On Sept. 7, Pope Francis declared a day of prayer and fasting to urge national leaders to come to a peaceful resolution of the conflict in Syria. The Supreme Pontiff of the Roman Catholic Church spoke passionately in his homily to those assembled in St. Peter’s Square at the Vatican of the cost of armed conflict, saying, “As if it were normal, we continue to sow destruction, pain, death! Violence and war lead only to death, they speak of death! Violence and war are the language of death!”
When he said these words, Francis was not only speaking in philosophical terms, he apparently was also drawing upon his own experience facing down a brutal military dictatorship in his home nation of Argentina between 1976 and 1983.
When Cardinal Jorge Mario Bergoglio was elected pope in March 13, 2013, rumors began to surface that he, while the provincial superior of the Jesuit order, had collaborated with the military junta that carried out a “Dirty War” against suspected Communists and subversives, which gruesomely murdered between 9,000 and 30,000 people. And the tales surfaced quickly.
A March 15, 2013, online piece from The New Yorker called “Pope Francis and the Dirty War”–which ran through a litany of anti-Catholic themes from history before settling on the new pope–said (without citing a specific source), “The key allegation against [Bergoglio] is that he pointed out left-leaning priests to the military as dissidents, leaving them exposed, and that he did not defend two kidnapped clerics or ask for their release. He has denied this, and says instead that he protected priests and others–just quietly, in secret.”
Journalist Nello Scavo, who covers legal and judicial affairs for the Italian Catholic daily Avvenire, also heard the rumors and decided he would try to find out what what Father Bergoglio actually did and didn’t do. Of course, if Scavo was able to support the allegations against the new pope, he would have an explosive story.
The result of his investigation is a 192-page book, due to hit Italian bookstores on Oct. 1 (or 3rd, depending on the source; excerpts were released Sept. 6) and currently available only in Italian, called La lista di Bergoglio salvata da Francesco durante la dittatura (or, in English, Bergoglio’s List: Those Saved by Pope Francis; Stories Never Told), put out by the missionary publishing house EMI. Translations are underway for future release in eight other countries.
It contains the personal stories of people–with names and faces–saved through the efforts of the future pontiff. An appendix features the transcript of the Nov. 8, 2010 testimony Father Bergoglio gave over the course of nearly four hours of interrogation in front of three judges regarding crimes committed in the Escuela de Mecanica de la Armada (ESMA), the Navy School of Mechanics, that operated during the dictatorship period.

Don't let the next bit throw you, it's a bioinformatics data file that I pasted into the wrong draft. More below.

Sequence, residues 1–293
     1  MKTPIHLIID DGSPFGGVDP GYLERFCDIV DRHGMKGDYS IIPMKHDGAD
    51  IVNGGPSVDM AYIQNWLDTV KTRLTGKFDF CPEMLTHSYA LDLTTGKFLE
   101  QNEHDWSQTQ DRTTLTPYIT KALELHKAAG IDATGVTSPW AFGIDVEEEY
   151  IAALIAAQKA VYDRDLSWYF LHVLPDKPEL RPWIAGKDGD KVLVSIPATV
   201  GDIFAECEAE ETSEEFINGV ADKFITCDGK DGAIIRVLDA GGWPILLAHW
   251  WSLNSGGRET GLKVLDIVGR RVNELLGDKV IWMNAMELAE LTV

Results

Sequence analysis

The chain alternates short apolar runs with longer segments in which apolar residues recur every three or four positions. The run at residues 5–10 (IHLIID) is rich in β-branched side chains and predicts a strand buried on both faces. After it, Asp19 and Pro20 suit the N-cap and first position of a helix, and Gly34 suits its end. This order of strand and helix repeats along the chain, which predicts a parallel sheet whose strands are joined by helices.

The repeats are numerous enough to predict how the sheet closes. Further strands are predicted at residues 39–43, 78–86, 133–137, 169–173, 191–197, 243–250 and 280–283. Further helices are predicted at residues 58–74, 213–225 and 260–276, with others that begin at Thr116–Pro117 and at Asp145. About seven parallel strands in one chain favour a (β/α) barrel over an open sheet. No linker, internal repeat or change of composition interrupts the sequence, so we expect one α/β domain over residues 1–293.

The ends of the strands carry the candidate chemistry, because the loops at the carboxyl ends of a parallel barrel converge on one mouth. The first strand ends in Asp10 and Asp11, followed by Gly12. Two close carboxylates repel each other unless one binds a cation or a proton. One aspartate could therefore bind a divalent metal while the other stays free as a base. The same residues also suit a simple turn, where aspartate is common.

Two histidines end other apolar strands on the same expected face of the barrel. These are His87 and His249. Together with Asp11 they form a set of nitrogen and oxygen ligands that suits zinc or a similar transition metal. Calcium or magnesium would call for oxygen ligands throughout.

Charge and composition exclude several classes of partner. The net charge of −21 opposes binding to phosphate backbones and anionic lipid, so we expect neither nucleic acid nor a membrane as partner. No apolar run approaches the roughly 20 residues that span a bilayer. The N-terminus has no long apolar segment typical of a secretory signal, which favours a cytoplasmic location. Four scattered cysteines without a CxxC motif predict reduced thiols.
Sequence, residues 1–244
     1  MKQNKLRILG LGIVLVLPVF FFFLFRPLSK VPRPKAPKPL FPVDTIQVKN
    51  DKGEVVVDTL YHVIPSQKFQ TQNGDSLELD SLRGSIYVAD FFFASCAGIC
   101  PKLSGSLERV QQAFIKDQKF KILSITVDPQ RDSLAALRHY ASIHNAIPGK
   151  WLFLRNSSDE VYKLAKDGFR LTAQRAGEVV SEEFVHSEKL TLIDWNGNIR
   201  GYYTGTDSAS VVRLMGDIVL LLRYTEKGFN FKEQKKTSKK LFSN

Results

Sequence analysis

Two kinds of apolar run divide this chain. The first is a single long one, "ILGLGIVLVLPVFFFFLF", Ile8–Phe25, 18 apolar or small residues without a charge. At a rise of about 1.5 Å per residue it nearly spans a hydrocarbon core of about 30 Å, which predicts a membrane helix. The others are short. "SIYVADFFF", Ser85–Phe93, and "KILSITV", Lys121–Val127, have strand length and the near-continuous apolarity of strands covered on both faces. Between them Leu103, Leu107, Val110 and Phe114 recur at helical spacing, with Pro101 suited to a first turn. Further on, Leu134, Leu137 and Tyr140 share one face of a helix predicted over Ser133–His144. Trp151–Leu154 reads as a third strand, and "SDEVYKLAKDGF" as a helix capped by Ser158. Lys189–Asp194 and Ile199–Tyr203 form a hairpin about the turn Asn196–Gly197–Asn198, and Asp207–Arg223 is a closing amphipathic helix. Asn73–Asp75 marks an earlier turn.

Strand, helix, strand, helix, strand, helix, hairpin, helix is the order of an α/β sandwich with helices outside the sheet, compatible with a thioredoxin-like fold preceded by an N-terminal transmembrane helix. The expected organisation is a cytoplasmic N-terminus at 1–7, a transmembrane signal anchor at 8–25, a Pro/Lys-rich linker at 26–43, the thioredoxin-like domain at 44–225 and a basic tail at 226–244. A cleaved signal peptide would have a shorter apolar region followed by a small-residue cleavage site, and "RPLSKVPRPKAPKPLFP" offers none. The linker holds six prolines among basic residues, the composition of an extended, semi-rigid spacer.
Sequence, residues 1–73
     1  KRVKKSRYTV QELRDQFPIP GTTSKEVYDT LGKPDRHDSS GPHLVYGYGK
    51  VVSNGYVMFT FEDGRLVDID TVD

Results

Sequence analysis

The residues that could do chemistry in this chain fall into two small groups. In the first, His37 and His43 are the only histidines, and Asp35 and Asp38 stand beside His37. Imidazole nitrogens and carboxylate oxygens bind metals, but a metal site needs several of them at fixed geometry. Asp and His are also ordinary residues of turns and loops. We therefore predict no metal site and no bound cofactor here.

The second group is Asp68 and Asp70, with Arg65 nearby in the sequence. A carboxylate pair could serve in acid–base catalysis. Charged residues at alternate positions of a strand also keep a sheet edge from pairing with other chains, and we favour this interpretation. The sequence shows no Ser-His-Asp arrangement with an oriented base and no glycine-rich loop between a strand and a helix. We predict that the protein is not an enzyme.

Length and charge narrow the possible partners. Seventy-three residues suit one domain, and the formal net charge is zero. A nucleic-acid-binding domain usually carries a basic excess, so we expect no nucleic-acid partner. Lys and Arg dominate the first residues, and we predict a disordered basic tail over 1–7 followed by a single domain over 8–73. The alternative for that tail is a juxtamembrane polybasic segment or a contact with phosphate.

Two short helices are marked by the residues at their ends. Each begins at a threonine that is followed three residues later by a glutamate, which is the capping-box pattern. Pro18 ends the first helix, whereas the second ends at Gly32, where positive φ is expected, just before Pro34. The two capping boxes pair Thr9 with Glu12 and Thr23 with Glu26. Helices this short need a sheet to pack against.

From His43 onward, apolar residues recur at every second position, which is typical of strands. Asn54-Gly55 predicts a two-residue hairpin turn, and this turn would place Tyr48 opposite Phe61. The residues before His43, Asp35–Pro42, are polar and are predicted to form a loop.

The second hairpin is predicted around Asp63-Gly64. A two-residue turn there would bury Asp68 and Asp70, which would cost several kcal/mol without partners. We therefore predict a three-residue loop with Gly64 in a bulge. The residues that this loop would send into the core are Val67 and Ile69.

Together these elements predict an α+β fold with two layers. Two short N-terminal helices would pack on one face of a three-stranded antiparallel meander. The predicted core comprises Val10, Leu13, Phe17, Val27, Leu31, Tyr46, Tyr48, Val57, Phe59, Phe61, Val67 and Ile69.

These crimes included torture of the two “kidnapped clerics” mentioned by the New Yorker–Fathers Franz (or Francisco) Jalics and Orlando Yorio. The surviving priest, Jalics, made a public statement in March from his home in a German monastery, admitting that he once was led to believe that Bergoglio had denounced him, but added, “at the end of the ’90s, after numerous conversations, it became clear to me that this suspicion was unfounded. It is therefore wrong to assert that our capture took place at the initiative of Father Bergoglio.”
As outlined in detailed reviews of the book’s information put out by Catholic News Service (CNS), La Stampa’s Vatican Insider, and in an online post by Italian journalist Sandro Magister of the weekly L’Espresso magazine (who previously angered the Vatican by releasing salacious details about papal appointee Monsignor Battista Ricca), Father Bergoglio used a variety of means to shield or arrange safe passage for those under threat.
The list includes fellow Catholic priests and seminarians and such laypeople as a Uruguayan militant, a scholar who was saved without his knowledge at the time, a non-baptized woman who became a judge in Argentina, and married Christian missionaries working in a Buenos Aires slum.
The piece in the Vatican Insider credits Francis’s reticence and now-famous humility to explain why he has not defended himself more vigorously since becoming pope. It also cites the Gospel of Matthew (6:3-4), which quotes Jesus as warning against taking public credit for good works, saying, “But when you give alms, your left hand must not know what your right is doing; your almsgiving must be in secret, and your Father who sees all that is done in secret will reward you.”
Magister closes out his piece by saying, “As pope, but first as man, Francis does not cease to amaze.”
Pope Francis has also not ceased his calls for peace, speaking against all forms of religious violence and calling for prayers for Syria on Monday, Sept. 30 (as he did the previous day in the Angelus prayer recited at the end of Mass in St. Peter’s Square with teachers of the Faith, called catechists).
The appeal came on the same day as the announcement that April 27, 2014, known as Divine Mercy Sunday on the Catholic calendar, would also be the canonization day for Popes John XXIII and John Paul II.